What Happens to Left Over Embryos?

couple

Whether you use an egg donor or not, the goal of the medical cycle preceding egg retrieval is simple: create as many high quality, usable eggs as possible.

Following the egg retrieval procedure, these eggs will go through a series of phases including fertilization and growth. You are likely to lose one or more eggs, now embryos, at each step over the next several days. This is normal, it’s why the goal is to collect as many quality eggs as possible at the onset of the process. By the time you reach day 5, 6, or 7, you are likely to be left with only a handful of high quality embryos.

Most couples will choose to transfer just one or two of these embryos into the uterus of either the mother or the surrogate on transfer day. In most cases, there will be one or more high quality, usable embryos left over. The question now becomes, “What do we do with these embryos?”

In most cases, there are three basic options: freeze them, donate them, or discard them. This is a choice that is often arrived upon based on many factors and much thoughtful consideration. No decision is wrong, and it is OK to take your time considering the different options.

Given the cost of an egg donor cycle, many intended parents will choose to have these remaining eggs cryogenically frozen. In this instance, couples can pay a monthly fee, usually on an annual basis, to keep the embryos frozen for future potential use. The embryos will remain viable for years, boasting success rates similar to that of a fresh embryo transfer.

Other couples will choose to donate the unused embryos to scientific purposes or to other infertile couples. For many parents through IVF, the decision to donate can be freeing and affirming. Helping other infertile couples to conceive or furthering the overall scientific process can be very valuable. Depending on your state of residency, donating unused embryos can become a challenging legal situation. You’ll want to consider the potential emotional and logistical complications that could arise from donation.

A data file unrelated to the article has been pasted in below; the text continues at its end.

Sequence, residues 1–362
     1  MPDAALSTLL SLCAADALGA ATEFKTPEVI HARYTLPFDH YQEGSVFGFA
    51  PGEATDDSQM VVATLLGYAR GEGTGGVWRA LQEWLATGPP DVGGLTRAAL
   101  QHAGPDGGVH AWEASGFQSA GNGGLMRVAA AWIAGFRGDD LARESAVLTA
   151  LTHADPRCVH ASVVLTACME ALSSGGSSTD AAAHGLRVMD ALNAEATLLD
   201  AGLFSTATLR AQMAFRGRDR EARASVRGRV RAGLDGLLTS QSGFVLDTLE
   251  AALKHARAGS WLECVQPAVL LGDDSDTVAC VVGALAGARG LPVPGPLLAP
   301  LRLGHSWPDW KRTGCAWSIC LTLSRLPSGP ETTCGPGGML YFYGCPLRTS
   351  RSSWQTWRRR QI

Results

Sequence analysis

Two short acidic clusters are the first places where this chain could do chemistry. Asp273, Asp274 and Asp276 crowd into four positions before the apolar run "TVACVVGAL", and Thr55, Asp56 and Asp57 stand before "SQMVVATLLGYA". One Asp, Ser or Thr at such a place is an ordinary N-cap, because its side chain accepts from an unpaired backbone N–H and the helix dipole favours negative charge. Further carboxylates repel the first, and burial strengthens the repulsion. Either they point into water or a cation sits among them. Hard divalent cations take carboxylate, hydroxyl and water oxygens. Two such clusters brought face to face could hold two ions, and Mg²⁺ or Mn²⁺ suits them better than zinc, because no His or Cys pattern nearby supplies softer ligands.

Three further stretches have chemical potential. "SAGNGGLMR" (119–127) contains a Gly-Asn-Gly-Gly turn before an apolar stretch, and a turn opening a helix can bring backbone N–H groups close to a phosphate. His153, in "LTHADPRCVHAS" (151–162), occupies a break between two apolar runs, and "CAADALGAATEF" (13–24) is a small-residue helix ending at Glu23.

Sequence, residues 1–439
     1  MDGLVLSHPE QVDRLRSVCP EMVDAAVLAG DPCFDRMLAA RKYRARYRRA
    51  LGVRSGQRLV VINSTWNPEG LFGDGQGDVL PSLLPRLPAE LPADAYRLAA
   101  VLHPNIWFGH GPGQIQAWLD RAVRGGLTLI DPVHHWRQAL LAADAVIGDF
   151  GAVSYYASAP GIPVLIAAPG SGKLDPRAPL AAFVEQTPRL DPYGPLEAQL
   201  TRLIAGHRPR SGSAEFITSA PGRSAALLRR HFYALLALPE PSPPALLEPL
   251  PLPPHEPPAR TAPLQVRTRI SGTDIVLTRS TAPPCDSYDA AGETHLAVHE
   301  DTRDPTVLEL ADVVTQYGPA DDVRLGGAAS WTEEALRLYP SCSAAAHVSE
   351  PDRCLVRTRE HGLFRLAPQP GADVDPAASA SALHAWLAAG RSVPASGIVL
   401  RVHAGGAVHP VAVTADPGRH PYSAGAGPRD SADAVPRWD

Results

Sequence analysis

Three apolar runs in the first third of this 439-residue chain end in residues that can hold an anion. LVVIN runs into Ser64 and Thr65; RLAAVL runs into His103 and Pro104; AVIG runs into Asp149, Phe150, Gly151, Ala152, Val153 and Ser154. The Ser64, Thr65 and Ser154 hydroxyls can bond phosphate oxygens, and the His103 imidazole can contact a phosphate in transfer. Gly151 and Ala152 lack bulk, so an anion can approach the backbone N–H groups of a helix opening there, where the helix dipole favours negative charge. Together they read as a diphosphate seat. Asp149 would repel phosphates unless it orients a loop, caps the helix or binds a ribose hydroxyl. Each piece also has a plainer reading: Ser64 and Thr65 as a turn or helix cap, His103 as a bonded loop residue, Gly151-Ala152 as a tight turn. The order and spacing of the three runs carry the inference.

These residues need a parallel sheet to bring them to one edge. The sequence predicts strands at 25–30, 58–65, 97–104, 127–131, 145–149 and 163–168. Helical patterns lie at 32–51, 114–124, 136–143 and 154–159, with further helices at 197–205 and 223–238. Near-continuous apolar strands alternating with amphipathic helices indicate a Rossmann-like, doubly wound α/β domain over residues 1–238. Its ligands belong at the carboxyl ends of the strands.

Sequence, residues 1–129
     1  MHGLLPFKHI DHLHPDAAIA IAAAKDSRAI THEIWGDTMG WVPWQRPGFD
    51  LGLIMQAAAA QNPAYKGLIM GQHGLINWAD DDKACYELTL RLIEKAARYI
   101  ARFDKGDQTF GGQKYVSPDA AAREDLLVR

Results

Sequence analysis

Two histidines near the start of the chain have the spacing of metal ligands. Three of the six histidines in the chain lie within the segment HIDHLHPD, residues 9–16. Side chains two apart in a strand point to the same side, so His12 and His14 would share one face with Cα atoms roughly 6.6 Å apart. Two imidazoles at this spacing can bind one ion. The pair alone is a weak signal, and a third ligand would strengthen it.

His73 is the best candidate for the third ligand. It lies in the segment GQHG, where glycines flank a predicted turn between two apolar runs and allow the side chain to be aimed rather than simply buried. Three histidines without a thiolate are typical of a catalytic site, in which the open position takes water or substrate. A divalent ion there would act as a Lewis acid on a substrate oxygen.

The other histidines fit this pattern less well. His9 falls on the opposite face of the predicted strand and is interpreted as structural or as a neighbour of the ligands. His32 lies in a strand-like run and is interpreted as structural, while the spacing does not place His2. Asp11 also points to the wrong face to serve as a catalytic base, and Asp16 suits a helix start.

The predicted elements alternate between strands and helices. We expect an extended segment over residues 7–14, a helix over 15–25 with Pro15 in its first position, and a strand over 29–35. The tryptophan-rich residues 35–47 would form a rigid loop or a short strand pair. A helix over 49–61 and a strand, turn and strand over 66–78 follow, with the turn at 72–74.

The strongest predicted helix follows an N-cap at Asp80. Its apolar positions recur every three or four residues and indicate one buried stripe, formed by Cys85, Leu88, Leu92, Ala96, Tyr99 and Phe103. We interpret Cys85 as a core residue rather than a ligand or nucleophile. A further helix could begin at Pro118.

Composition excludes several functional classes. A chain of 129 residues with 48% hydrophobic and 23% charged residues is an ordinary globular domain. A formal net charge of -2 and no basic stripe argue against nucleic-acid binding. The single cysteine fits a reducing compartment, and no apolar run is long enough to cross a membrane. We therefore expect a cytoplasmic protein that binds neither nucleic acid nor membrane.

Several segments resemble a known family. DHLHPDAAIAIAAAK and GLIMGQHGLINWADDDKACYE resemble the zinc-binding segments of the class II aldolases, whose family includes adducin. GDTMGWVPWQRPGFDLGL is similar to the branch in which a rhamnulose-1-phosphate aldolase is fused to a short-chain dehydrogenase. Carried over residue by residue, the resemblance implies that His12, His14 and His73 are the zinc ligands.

Additionally, some couples may elect to have their frozen embryos thawed without the intention of donating or transferring them into a uterus. This choice can be a challenging one to make, and is often arrived at after much consideration.

No matter what choice you make following the completion of your IVF journey, please know that we respect your unique circumstances. These choices often center around ethical and religious beliefs and can take a long time to process. Taking your time is OK. If you need help thinking through your options for unused embryos, Growing Generations’ Co-Owner and Psychologist Dr. Kim Bergman is available to help guide you through your options.

Dr. Kim Bergman

Kim Bergman, PhD, a licensed psychologist of 26 years, has specialized in the area of gay and lesbian parenting, parenting by choice and third party assisted reproduction for over two decades. Dr. Bergman has created a comprehensive psychological screening, support and monitoring process for Intended Parents, Surrogates and Donors. She is the co-owner of Fertility Counseling Services and Growing Generations and is a member of the American Society for Reproductive Medicine, the American Psychological Association, the Los Angeles County Psychological Association, the Lesbian and Gay Psychotherapy Association, and the Gay and Lesbian Medical Association. She is on the national Emeritus board of the Family Equality Council. Dr. Bergman writes, teaches and speaks extensively on parenting by choice. Along with co-authors, she published “Gay Men Who Become Fathers via Surrogacy: The Transition to Parenthood” (Journal of GLBT Family Studies, April 2010). Dr. Bergman’s is the author of the upcoming book, Your Future Family: An Essential Guide to Assisted Reproduction (Red Wheel Press 2019). Dr. Bergman created her own family using third party assisted reproduction and she lives with her wife of 35 years. Her two daughters are in college.